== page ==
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Cooper v. Retrieval-Masters Creditors Bureau Inc.

United States District Court, N.D. Illinois, Eastern Division

May 21, 2018




         Jack Cooper sued Retrieval-Masters Credit Bureau (“RMCB”), alleging a violation of the Fair Debt Collection Practices Act (“FDCPA”), 15 U.S.C. § 1692 et seq. Doc. 1. The court granted Cooper summary judgment as to liability, and the case proceeded to a damages trial. Docs. 46-47 (reported at 2017 WL 2404952 (N.D. Ill. June 2, 2017)). The jury awarded Cooper $500 in statutory damages and zero actual damages, and judgment was entered in that amount. Docs. 94, 96. Cooper now moves under 15 U.S.C. § 1692k(a)(3) for an award of $65, 357.90 in attorney fees and $1, 042.37 in costs. Doc. 98. The motion is granted in part and denied in part.


         The factual backdrop of this suit is set forth in the court's summary judgment opinion, familiarity with which is assumed. Cooper filed suit in early March 2016; as permitted by 15 U.S.C. § 1692k(a), he sought statutory and actual damages and attorney fees. Doc. 1. Some five months later, at a July 28, 2016 settlement conference before Magistrate Judge Finnegan, RMCB offered to settle for $500 in damages plus the reasonable attorney fees and costs that Cooper had incurred to date. Doc. 112 at 8; Doc. 129 at 15-16; Doc. 129-1 at 18. Cooper rejected the offer. Doc. 129 at 16. As noted, the jury ultimately awarded Cooper $500 in statutory damages-half the $1, 000 maximum authorized by 15 U.S.C. § 1692k(a)(2)(A)-and zero actual damages. Docs. 93-94.


         “Plaintiffs who prevail under the [FDCPA] are entitled to an award of costs and reasonable attorney's fees.” Schlacher v. Law Offices of Phillip J. Rotche & Assocs., P.C., 574 F.3d 852, 856 (7th Cir. 2009). The parties agree that Cooper qualifies for a fee and cost award, Doc. 112 at 8, but dispute its proper amount.

         I.Attorney Fees

         “Although there is no precise formula for determining a reasonable fee, the district court generally begins by calculating the lodestar-the attorney's reasonable hourly rate multiplied by the number of hours reasonably expended.” Schlacher, 574 F.3d at 856 (citing Hensley v. Eckerhart, 461 U.S. 424, 433-37 (1983)); see also Gastineau v. Wright, 592 F.3d 747, 748 (7th Cir. 2010) (“The touchstone for a district court's calculation of attorney's fees is the lodestar method, which is calculated by multiplying a reasonable hourly rate by the number of hours reasonably expended.”). “[T]he lodestar figure is just the starting point.” Thorncreek Apartments III, LLC v. Mick, 886 F.3d 626, 638 (7th Cir. 2018) (internal quotation marks omitted). After calculating the lodestar, “[t]he district court may then adjust that figure to reflect various factors including the complexity of the legal issues involved, the degree of success obtained, and the public interest advanced by the litigation.” Schlacher, 574 F.3d at 856-57.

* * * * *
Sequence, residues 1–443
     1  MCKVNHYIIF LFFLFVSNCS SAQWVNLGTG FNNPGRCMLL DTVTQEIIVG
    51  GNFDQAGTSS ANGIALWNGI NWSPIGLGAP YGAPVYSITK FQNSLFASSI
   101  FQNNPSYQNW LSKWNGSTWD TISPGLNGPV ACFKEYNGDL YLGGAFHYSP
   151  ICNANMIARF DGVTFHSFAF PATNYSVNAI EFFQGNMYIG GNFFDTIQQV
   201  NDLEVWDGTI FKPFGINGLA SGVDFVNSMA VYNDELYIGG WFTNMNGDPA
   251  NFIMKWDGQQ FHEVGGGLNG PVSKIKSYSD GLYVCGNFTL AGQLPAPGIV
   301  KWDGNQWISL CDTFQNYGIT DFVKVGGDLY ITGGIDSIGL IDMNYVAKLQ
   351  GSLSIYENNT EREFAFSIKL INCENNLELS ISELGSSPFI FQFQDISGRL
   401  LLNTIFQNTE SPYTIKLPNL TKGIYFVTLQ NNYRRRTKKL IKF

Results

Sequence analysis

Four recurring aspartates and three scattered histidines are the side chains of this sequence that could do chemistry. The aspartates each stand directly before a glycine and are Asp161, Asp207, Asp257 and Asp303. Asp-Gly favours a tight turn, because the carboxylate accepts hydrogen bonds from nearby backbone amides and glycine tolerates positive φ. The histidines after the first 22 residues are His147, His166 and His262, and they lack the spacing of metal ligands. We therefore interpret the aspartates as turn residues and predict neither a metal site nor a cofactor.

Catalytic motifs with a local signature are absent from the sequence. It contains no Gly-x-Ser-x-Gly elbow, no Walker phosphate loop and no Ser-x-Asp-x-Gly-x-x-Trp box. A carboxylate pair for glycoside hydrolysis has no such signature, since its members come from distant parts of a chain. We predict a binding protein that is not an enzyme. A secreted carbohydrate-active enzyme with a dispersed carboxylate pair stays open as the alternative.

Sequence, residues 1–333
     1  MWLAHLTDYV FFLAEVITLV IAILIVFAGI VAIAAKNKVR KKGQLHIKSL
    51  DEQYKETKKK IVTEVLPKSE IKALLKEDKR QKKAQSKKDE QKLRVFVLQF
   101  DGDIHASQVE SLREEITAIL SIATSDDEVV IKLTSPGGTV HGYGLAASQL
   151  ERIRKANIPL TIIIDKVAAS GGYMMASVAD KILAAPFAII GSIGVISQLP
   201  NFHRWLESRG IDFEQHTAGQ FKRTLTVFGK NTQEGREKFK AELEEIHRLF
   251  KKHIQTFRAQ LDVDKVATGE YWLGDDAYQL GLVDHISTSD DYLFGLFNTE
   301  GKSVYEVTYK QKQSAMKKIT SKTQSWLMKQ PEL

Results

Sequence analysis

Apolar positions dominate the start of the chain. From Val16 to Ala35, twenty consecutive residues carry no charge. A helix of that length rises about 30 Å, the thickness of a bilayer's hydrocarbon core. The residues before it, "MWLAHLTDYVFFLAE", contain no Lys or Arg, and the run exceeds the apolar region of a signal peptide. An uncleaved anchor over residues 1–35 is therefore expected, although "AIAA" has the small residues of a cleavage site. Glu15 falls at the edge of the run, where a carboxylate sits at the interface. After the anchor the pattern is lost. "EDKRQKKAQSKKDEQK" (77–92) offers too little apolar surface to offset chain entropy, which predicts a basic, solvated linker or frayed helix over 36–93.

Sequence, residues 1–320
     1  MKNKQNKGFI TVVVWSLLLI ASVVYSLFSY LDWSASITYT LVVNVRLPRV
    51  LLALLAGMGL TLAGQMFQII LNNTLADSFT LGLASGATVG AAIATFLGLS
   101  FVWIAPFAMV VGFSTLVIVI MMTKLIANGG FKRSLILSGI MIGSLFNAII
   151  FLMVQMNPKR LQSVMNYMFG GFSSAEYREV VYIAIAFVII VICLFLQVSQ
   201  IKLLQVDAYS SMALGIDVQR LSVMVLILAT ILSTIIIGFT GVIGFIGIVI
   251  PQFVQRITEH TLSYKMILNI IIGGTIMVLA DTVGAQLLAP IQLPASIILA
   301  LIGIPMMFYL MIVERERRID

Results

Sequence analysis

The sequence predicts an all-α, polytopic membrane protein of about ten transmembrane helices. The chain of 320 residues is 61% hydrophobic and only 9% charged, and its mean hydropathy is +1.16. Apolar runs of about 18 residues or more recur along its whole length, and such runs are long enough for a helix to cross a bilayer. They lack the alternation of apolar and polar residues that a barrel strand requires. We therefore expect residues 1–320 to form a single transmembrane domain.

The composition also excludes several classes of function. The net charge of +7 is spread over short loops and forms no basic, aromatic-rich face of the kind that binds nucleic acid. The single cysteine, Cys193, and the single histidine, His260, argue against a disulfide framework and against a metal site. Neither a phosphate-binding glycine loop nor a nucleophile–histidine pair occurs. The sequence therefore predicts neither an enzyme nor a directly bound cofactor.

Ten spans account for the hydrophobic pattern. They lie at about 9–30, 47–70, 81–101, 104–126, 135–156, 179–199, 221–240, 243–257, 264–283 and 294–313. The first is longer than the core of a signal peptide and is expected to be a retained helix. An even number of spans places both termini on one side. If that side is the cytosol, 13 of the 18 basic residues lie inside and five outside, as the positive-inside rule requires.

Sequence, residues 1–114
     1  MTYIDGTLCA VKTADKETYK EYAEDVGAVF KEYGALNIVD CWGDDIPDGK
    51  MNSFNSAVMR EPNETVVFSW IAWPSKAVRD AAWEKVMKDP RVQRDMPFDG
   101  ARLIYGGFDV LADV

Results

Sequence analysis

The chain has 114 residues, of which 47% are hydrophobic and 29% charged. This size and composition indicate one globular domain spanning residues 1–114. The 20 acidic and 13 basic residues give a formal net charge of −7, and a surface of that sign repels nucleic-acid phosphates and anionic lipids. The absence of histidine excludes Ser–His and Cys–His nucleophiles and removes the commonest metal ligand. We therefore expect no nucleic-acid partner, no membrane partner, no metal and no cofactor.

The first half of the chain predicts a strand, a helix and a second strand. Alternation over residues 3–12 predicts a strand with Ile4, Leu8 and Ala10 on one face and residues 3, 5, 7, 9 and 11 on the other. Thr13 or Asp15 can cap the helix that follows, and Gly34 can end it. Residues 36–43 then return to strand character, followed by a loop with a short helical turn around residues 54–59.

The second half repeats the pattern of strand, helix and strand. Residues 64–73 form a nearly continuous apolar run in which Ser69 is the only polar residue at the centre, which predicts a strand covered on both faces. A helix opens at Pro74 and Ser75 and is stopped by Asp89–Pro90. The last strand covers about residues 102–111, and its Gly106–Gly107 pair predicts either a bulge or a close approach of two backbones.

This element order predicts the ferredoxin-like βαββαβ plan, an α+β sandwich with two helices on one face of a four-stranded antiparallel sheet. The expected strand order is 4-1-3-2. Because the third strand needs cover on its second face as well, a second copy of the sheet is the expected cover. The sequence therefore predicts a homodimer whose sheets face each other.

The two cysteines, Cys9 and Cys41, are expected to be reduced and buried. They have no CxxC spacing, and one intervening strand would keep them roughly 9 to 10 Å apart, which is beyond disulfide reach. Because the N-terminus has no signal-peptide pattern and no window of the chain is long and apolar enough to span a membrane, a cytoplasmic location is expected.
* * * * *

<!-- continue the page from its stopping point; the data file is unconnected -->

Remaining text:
A. Calculating the Lodestar

         1. Hours Reasonably Expended

         RMCB “must pay for hours reasonably expended by [Cooper's counsel]. That means [RMCB] is not required to pay for hours that are ‘excessive, redundant, or otherwise unnecessary.'” Johnson v. GDF, Inc., 668 F.3d 927, 931 (7th Cir. 2012) (quoting Hensley, 461 U.S. at 434). The procedural history of this case bears greatly on the amount of attorney time for which Cooper should be compensated.